from The American Heritage® Dictionary of the English Language, 4th Edition
- transitive v. To undergo or cause to undergo fibrillation.
from Wiktionary, Creative Commons Attribution/Share-Alike License
- v. To make irregular, rapid movements.
from The Century Dictionary and Cyclopedia
- To form into fibrils or fibers.
- Same as fibrillated.
- To form fibrils, as coagulating blood.
from WordNet 3.0 Copyright 2006 by Princeton University. All rights reserved.
- v. make fine, irregular, rapid twitching movements
I want to be a cool mom like Sarah Connor, who can both make a mean pb&j AND fibrillate her own boob.
As soon as we were out of sight, he began kissing me, stinging kisses that made my heart fibrillate.
Indeed, increasingly in the United States, death has become the province of technicians, those who fibrillate and ventilate, trache and tube, plug and unplug.
When the heart begins to fibrillate, the ICD emits a jolt of electricity to disrupt the abnormal rhythm and restore the normal heart rate.
CHARLES WILMER, CARDIOLOGIST: He was so unstable that he would literally be shocked, go back into regular rhythm long enough to start to wake up, and then he would fibrillate lose consciousness.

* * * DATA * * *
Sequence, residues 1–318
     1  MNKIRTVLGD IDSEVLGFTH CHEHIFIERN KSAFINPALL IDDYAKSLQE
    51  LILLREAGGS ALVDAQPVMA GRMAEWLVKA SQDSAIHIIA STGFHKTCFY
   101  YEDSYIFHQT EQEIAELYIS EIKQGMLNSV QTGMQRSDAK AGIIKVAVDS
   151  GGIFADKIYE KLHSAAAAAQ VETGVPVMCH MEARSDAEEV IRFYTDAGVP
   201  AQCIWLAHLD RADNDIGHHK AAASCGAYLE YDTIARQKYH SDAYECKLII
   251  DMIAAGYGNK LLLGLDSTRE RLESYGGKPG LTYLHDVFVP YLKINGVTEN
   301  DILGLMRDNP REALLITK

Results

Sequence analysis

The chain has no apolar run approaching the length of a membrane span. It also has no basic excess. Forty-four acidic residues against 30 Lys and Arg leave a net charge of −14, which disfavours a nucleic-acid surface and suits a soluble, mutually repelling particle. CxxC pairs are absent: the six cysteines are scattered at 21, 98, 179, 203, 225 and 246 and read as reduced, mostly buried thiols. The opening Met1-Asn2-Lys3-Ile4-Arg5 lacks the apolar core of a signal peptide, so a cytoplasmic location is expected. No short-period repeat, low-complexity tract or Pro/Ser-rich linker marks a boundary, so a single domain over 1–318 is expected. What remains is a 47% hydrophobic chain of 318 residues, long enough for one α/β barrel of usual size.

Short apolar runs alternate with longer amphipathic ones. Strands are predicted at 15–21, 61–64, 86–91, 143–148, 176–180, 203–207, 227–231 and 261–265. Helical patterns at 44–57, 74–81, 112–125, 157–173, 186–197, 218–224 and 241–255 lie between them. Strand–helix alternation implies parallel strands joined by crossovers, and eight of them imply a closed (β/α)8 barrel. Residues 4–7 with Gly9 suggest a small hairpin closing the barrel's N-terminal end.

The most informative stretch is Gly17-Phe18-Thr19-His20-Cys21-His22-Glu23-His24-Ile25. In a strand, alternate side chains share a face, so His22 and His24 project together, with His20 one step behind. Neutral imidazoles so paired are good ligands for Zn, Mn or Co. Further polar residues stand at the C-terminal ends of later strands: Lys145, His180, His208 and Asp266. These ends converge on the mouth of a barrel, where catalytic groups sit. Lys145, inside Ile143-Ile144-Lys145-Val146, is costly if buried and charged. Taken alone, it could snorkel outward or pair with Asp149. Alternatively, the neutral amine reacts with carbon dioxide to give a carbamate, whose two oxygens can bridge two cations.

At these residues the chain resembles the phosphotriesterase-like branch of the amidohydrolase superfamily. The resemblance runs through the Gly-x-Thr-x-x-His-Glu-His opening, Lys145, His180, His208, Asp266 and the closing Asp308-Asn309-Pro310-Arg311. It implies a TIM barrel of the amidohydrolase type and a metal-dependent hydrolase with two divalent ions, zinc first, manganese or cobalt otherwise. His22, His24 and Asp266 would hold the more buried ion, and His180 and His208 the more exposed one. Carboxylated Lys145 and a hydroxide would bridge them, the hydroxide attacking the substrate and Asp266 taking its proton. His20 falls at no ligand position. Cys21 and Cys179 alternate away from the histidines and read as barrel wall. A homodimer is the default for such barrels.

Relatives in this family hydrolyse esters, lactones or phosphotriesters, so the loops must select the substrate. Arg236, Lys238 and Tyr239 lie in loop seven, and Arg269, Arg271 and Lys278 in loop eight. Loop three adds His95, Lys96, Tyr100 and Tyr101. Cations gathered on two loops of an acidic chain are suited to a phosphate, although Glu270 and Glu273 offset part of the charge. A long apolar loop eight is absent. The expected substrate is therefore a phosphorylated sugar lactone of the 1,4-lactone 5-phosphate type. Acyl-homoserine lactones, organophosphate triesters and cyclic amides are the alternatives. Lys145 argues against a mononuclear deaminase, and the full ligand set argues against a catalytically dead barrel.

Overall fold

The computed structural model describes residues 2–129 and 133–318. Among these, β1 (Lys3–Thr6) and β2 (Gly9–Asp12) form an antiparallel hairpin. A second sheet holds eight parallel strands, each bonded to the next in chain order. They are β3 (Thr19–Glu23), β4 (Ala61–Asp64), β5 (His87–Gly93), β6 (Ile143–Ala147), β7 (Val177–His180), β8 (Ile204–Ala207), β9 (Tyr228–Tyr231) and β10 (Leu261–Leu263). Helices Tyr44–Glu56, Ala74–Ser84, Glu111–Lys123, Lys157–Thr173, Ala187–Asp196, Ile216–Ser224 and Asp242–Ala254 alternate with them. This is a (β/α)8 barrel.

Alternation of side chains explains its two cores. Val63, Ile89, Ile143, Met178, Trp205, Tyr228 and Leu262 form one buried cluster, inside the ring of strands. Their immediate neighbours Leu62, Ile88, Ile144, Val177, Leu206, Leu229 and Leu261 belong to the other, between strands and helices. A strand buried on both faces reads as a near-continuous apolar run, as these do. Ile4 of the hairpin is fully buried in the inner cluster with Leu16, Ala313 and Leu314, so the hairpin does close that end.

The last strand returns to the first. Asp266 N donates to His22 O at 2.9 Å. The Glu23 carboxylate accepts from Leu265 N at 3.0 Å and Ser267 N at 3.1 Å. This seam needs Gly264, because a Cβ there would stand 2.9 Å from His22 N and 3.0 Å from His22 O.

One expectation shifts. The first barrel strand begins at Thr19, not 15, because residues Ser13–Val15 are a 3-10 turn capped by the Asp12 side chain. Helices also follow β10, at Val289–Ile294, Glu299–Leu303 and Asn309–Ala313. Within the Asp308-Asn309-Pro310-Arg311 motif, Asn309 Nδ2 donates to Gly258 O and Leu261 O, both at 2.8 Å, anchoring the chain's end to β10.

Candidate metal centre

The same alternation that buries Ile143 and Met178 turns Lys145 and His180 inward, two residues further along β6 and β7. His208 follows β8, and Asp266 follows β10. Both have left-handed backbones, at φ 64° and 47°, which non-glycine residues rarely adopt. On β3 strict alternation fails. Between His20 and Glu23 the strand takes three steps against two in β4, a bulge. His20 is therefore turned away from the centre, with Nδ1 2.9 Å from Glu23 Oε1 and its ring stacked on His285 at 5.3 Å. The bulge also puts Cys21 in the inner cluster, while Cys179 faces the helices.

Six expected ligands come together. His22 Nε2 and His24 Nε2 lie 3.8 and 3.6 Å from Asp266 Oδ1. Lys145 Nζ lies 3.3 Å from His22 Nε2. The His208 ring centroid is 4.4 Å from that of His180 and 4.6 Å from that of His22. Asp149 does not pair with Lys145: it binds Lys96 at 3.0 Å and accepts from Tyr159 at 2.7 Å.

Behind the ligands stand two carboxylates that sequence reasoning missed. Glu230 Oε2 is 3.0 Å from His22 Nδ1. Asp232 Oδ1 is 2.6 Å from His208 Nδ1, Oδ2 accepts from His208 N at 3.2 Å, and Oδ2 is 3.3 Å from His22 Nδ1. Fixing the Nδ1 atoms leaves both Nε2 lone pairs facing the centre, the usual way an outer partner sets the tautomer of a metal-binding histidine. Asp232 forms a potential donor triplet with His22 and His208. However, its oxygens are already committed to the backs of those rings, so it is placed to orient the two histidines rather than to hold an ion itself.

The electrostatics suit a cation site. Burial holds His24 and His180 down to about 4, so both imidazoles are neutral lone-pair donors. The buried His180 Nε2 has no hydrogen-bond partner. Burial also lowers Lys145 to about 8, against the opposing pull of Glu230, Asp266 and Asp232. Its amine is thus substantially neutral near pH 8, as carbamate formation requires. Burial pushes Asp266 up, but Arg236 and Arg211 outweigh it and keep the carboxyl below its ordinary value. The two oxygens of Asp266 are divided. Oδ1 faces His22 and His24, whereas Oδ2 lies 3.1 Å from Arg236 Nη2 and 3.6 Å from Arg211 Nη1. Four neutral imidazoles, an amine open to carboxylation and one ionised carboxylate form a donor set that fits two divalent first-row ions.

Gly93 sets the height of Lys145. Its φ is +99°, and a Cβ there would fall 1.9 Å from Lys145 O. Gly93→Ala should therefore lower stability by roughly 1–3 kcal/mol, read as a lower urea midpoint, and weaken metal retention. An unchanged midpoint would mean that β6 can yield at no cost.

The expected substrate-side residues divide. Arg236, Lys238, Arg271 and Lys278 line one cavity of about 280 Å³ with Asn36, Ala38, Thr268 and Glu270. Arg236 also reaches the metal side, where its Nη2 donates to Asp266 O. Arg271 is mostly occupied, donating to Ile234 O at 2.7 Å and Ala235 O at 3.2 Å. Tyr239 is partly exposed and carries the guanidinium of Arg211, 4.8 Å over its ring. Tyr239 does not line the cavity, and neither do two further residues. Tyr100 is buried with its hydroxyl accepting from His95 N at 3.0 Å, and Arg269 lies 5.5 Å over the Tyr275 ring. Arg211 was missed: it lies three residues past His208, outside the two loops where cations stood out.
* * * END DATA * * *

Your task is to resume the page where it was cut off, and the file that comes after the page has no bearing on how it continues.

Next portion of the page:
She had a convulsion, her respiration grew slow and shallow, her heart began to fibrillate, and she passed inexorably into coma.
It was while * Wait was in this position that his heart began to fibrillate -- which is to say that its fibers began to twitch in an uncoordinated manner, so that the march of the blood in his circulatory system was no longer orderly.
So to see this guy climbing on to high-voltage power lines from a helicopter and not fibrillate his own heart is a wonder to behold, indeed:
The atria continue to fibrillate, though, and anticoagulant medication is still required.
At a hundred milliamps of AC current, your heart will fibrillate and you’ll die.